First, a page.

The general point is that whether someone is willing to undertake some effortful or even illegal action as a result of a belief is a measure of how important it is to them, but not a measure of how likely it is to be morally or factually correct. This is obviously easier to see in other people than ourselves, but the distinction is one that we should be willing to apply to ourselves.  

It should be noted that epistemic humility also helps us see that complaints can be right in part, but not altogether. Many policy issues are intertwined with others (and with the policy decisions of other governments) and cannot be addressed separately from those entanglements, trade-offs, and constraints. It might for example be true that climate change is a great and present danger to human societies and natural ecosystems (we can trust the expertise behind the IPCC reports on that!). But that does not automatically mean that it is true that our government ought to be doing more things - or more obvious things - about the problem than they already are. That is not the kind of thing that can be read off from an IPCC report. One can agree that climate change is important without concluding that our governments ought to be making policy on it as if nothing else matters.

2. In a democracy other people's disagreement matters because other people matter

Protestors are always sure they are right, and, for the sake of argument, let us suppose they actually are right in some particular case like climate change. Even so, their protest would not be democratic.

This is because they are not the only people with views on the matter and the question of which group's views are correct is not what liberal democracy is about. In a democracy we are supposed to respect other people's views even when they are objectively wrong. Divisive questions are not settled by technocratic or philosophical argument about truth, but by discussing and then voting. Deciding by voting is not a way of determining the correct answer, but a way of deciding our persistent disagreement in the fairest possible way, i.e. in a way that demonstrates the fundamental liberal principle of respecting the moral equality of all. The philosopher Jeremy Waldron puts this very well in a noted article.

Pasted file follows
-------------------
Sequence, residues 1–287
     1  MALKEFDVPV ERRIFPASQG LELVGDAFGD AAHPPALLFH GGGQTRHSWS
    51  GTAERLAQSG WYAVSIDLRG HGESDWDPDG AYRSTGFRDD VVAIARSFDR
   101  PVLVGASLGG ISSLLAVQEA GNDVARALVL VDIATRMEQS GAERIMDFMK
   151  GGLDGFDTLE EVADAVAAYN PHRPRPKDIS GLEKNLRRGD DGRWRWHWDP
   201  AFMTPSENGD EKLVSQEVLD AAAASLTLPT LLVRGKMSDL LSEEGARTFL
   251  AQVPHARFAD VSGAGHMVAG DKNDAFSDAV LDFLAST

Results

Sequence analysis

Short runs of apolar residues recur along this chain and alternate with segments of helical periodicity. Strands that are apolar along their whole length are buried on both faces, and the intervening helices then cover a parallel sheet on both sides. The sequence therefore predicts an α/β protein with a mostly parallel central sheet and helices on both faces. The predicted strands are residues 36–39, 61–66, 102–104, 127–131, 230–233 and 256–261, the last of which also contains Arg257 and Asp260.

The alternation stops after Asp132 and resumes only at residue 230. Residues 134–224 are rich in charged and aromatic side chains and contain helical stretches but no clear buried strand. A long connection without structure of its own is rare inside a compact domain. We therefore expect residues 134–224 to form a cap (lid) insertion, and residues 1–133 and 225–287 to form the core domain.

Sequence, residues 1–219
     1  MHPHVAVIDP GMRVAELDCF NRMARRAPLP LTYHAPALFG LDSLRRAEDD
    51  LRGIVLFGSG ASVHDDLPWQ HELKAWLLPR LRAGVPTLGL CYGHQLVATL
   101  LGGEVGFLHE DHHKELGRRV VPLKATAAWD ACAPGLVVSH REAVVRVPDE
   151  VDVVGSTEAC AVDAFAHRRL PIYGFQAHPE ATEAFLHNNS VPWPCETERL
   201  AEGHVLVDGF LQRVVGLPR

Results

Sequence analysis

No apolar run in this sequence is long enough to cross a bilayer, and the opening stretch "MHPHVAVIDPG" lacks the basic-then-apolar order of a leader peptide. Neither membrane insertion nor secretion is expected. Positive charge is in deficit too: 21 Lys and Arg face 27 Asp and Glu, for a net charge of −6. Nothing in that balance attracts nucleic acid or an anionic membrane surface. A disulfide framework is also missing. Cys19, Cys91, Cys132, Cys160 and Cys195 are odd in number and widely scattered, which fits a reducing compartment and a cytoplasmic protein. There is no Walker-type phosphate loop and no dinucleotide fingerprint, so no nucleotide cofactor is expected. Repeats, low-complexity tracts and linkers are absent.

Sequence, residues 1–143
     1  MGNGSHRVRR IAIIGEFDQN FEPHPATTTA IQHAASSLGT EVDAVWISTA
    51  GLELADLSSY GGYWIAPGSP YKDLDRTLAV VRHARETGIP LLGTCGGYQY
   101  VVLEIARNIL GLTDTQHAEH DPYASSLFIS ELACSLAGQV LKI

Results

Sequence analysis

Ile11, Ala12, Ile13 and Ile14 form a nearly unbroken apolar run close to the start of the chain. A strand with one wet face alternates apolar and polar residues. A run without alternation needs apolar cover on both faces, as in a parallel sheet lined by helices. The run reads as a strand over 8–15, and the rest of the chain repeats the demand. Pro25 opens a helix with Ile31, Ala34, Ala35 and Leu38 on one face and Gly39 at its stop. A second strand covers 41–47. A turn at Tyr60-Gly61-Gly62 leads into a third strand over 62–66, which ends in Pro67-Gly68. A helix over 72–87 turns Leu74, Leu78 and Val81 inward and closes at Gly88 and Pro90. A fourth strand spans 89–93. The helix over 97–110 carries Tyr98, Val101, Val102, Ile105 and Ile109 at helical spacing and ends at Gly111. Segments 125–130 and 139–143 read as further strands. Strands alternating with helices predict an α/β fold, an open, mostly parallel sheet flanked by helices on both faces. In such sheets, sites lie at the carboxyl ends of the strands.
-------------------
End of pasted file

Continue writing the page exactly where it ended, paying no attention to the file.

The method of majority equal weight to each person's view in the process of selecting one view as the group's. Indeed, it attempts to give each individual's view the greatest weight possible compatible with an equal weight for the views of each of the others.

Protestors seem to mistake the theoretical legitimacy of their views (their truthfulness) for practical legitimacy (what should determine political action). By insisting that their views about the right government policy should determine that policy merely because they are correct (and remember, we are supposing for now that this hubris is justified), they disrespect the institutions of liberal democracy and the commitment to moral equality on which they rest. They are not taking seriously the value that other people's opinions should have merely because other people are just as morally important as themselves. 

Sometimes protestors will claim that the rich and the powerful have co-opted the government with the aid of nefarious lobbyists and corrupt politicians, and so they are not protesting against democracy after all but against its corruption. Such reflexive conspiracy theorising is unfortunately widespread in protest movements. The environmentalist movement, for example, frequently assumes that the best (only?) explanation for every case in which the 'wrong side' wins a political battle in a democracy are the sinister forces of dark money and lobbying by the fossil fuel industry. Behind this attitude is a denial of the possibility of honest disagreement on which the idea of democracy depends. Those who appear to disagree with the protestors are to be seen as merely the puppets of a handful of real but wicked moral agents. Evidence that others disagree with you thus comes to be seen - absurdly - as evidence that those who disagree with you should not be listened to, and of the importance of overcoming the wicked manipulators. 

Of course it is undeniable that there are groups who seek to influence policy-making 'extra-democratically'. However, the protestors are themselves one of these groups (!), and so this fact does nothing to support their democratic legitimacy. As a justification for protestors' behaviour it would be rather more plausible if protestors acted as if they were trying to defend democracy itself rather than to bring about particular political outcomes they prefer. Yet protests against lobbying are rather rare. Indeed, one has the distinct impression that most protestors only 'discover' that democracy's institutions are corrupted when they fail to deliver what they want, and that if they themselves had access to such mysteriously all-powerful lobbyists that could short-circuit democratic politics they would happily use them to achieve their favoured result.